Exploring the life cycle of cells and particles
In alien, cells and energy particles can emerge, collapse and connect (in the case of cells) or unite (in the case of energy particles) in different ways. These processes can be controlled by various parameters and lead to a certain equilibrium after some time. We want to explore these processes in more detail. A particularity are the cell functions that can break these equilibria, but this will be addressed in later tutorials. Here, we will perform small experiments by changing various simulation parameters that are responsible for the life cycle of the cells
What you will see
1. Simulation with high radiation
The first experiment is designed to familiarize with the radiation of energy particles from cells. Cells as well as tokens have internal energy. The internal energy ensures their stability and provides the capability to perform actions via cell functions. The following transformation processes are significant in this regard:
- A cell emits radiation in the form of energy particles. Both the frequency and the intensity of the radiation can be adjusted via parameters. Due to the emission, cells and tokens lose internal energy over time.
- The reverse case is also possible, namely that a cell absorbs other energy particles when it collides with it. In this case, the value of the internal energy increases.
- If the internal energy of a cell falls below a critical value, the cell itself decays into an energy particle containing the residual energy.
- If two energy particles collide, they unite to form a single particle which has the sum of both energies. If this energy exceeds a critical value, a new cell is formed.
For our experiment we want to significantly increase the radiation in both intensity and frequency. This will lead to a fast destruction of the matter. To proceed, we load the simulation file
./examples/simulations/replicator - ecosystem.sim.
Since we are now setting a high radiation, decay and thus the emergence of many small cell clusters will occur. For this reason we adjust the CUDA parameters by increasing the maximum number of clusters in the General settings dialog to 300,000. Next, we open the Simulation parameters dialog and set the following parameters:
- We set radiation → probability to 0.02: This parameter indicates the probability (value between 0 and 1) with which a cell will emit an energy particle in the next time step.
- We set radiation → factor to 0.02: This value corresponds to the intensity of the radiation. The average amout of radiated energy per time step and per cell calculates as β * c^α, where c denotes the internal energy of the cell, α is the radiation exponent (a further parameter set to 1 by default), and β is the radiation factor. The radiated energy is independent of the radiation probability. For example, if a high radiation probability is set, many energy particles with low energy will be emitted. If the radiation probability is low, few but very energetic energy particles will be emitted.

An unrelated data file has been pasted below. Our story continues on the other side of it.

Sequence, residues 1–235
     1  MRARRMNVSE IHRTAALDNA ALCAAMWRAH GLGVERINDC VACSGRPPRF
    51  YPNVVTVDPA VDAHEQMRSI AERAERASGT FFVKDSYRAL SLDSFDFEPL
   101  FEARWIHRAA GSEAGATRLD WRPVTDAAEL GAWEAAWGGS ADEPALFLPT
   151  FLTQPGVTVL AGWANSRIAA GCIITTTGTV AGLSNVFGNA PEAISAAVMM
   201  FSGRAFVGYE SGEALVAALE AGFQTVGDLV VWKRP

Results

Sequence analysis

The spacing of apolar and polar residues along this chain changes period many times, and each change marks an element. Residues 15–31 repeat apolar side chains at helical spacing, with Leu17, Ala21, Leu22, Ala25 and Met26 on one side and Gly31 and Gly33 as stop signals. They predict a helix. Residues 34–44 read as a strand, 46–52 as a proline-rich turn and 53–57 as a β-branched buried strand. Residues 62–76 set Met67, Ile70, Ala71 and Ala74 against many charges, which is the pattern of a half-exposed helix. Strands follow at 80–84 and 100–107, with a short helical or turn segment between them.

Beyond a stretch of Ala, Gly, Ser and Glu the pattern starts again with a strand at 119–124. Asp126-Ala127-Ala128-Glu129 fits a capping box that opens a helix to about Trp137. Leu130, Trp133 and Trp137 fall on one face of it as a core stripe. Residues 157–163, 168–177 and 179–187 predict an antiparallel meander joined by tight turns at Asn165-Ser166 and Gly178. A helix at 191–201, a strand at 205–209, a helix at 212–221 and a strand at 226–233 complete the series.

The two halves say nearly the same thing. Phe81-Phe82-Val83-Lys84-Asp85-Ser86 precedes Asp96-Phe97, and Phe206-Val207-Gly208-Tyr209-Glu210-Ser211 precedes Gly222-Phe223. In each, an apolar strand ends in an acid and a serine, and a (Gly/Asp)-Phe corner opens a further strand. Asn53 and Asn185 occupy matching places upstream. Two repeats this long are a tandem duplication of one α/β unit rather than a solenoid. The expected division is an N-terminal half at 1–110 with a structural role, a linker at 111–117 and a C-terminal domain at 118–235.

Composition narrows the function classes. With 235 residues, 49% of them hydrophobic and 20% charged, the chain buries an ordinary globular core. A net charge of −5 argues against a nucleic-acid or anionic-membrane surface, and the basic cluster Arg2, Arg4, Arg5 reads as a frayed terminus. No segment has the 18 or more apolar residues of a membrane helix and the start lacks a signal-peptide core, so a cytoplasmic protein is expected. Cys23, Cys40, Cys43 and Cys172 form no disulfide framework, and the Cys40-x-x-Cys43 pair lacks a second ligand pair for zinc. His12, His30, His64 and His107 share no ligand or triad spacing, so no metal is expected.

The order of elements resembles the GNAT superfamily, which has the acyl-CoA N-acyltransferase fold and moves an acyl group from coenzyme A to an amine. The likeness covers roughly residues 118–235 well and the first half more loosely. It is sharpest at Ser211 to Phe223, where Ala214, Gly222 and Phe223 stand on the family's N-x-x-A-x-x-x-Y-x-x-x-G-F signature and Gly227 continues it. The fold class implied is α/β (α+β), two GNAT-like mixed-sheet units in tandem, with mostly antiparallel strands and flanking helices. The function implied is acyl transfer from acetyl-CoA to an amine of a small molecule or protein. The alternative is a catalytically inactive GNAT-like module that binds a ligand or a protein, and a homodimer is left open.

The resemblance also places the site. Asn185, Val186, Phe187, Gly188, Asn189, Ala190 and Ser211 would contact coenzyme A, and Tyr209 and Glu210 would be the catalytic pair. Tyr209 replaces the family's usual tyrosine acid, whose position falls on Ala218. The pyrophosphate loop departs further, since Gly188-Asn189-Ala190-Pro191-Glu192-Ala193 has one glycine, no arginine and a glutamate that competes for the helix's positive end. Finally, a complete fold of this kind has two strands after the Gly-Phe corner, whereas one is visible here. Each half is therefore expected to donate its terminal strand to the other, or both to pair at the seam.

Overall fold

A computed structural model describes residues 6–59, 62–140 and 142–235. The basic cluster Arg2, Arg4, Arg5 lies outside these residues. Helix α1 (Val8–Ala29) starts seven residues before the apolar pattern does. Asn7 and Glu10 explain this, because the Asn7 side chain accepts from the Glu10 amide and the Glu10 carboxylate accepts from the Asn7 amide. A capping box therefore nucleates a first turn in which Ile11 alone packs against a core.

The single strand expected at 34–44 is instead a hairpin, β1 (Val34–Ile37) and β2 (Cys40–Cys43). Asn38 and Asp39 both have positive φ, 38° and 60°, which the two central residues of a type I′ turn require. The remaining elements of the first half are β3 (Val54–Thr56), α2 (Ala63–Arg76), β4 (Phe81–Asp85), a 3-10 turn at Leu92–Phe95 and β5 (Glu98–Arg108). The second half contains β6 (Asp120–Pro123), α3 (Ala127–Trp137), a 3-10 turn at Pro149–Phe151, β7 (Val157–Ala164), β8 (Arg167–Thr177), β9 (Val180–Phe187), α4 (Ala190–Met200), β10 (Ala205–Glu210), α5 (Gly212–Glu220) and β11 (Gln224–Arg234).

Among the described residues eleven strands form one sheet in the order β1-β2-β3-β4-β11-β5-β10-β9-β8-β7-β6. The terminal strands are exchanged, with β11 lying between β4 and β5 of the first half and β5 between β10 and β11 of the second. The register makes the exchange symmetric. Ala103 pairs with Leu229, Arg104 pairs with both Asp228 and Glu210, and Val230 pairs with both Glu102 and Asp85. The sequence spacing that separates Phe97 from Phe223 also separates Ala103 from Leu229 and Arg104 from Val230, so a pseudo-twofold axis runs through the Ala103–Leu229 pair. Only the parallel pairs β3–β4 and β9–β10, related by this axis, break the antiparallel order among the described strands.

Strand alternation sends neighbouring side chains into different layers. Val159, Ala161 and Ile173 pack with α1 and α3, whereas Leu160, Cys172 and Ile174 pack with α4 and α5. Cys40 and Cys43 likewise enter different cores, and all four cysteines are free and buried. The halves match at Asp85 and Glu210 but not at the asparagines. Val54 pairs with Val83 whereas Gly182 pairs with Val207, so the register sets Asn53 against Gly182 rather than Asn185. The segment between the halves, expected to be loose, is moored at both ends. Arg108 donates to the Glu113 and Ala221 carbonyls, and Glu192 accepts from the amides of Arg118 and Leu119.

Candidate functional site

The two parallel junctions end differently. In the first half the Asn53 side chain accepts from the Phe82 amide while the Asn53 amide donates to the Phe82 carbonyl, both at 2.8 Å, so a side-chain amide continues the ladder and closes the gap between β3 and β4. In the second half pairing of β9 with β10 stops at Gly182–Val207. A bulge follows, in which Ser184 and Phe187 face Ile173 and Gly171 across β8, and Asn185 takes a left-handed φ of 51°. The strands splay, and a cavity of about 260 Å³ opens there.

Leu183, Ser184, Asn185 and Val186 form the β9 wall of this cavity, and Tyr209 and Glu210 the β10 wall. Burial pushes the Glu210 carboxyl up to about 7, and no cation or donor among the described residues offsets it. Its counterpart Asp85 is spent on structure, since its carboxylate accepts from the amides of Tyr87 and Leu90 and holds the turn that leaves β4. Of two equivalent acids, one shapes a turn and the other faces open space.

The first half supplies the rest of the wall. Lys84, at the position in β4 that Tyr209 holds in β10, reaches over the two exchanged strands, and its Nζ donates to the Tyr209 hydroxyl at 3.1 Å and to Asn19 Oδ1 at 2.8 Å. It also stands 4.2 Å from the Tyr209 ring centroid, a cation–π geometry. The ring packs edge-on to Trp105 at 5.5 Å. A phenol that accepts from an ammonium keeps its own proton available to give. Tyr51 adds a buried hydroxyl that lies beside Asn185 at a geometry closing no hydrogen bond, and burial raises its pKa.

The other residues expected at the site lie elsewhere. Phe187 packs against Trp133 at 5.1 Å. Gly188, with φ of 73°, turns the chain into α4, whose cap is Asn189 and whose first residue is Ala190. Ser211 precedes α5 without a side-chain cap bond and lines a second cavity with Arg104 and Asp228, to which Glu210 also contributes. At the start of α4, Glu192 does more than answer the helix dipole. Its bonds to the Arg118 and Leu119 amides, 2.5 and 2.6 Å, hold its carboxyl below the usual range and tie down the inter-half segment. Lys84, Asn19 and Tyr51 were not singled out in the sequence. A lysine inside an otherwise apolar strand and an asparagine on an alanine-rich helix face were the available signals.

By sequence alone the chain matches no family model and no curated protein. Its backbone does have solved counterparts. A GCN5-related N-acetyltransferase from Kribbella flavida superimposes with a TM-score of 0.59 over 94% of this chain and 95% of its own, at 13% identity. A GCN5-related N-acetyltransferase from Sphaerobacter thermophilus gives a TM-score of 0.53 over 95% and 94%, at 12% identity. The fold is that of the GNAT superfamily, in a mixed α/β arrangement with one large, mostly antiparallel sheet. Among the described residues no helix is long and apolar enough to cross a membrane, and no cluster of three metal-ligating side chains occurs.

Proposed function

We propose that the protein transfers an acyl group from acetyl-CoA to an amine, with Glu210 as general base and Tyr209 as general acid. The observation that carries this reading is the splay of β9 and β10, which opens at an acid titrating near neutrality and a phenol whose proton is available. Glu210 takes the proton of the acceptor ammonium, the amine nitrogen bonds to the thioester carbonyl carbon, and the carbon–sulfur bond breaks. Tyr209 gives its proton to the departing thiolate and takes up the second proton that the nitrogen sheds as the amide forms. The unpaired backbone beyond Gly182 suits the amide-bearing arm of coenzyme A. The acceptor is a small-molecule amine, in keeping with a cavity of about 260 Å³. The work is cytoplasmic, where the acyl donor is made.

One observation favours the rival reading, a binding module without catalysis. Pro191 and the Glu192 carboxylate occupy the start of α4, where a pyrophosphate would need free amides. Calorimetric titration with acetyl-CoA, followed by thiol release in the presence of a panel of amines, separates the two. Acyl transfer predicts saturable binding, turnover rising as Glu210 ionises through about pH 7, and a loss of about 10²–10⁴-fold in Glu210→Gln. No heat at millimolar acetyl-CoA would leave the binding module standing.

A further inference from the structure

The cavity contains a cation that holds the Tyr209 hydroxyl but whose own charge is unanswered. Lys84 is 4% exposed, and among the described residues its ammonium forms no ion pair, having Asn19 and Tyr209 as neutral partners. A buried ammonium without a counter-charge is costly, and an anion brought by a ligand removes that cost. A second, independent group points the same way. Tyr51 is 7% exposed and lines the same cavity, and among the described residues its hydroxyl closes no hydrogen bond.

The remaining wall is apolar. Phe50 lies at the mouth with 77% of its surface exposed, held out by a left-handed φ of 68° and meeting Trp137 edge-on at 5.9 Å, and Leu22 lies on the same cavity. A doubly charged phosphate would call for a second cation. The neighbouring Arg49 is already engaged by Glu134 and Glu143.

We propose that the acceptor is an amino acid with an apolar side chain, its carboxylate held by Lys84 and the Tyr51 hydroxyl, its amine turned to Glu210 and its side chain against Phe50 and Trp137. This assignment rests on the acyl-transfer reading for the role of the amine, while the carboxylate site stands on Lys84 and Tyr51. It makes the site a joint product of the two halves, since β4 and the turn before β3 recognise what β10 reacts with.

Create a snapshot and start the simulation. You will see how fast the matter decays at the high radiation. In addition, many smaller cell clusters are formed due to the unifications of energy particles, which in turn can transform into cells if their energy is high enough.
Above we see the result in 4x and below in 1x zoom.
2. Simulation with many fusion processes
In the second experiment we want to investigate the fusion of cell clusters. To this end, we return to the initial state (restore snapshot) and open the dialog for simulation parameters again. We will set the parameters so that cell clusters will merge particularly frequently. In general, when two clusters are approaching each other and the velocity exceeds a critical value, a fusion can occur, provided that the colliding cells can still form new bonds. After fusion, the common cell cluster may have lower kinetic energy. The energy difference is spent in the generation of tokens that are created at the fused cells. We will discuss tokens in more detail in later tutorials.
We continue by resetting the radiation → factor and radiation → probability to 0. Then, we lower the critical fusion velocity (under cell properties) to 0.04. After starting the simulation, we see how many cell clusters merge after collisions. Since no radiation was activated, they do not decay anymore.
In the screenshot above you can see the formation of large cell clusters due to fusions.
3. Simulation with many damage processes
As a final experiment in this tutorial, we will change the strength of matter. For this purpose there exists the parameter max force under cell properties. As soon as a force acts on a cell (e.g., due to rotation of the cluster or sudden changes in velocity after collisions) that exceeds this parameter, the cell decays into an energy particle with a certain probability. To perform our experiment, we return to the initial state and adjust the simulation parameters. Please note that when restoring snapshots, the simulation parameters are left as they are. For this reason we reset the fusion velocity to 0.4 and decrease the max force to 0.04 instead. The stability is now so low that all cell clusters break immediately after the slightest shocks.
It is important to note that although various energy conversion processes occur between the internal energies and the kinetic energies, in all of the above processes (radiation, collisions, damage, and fusions of energy particles and cell clusters), conservation of energy is satisfied.
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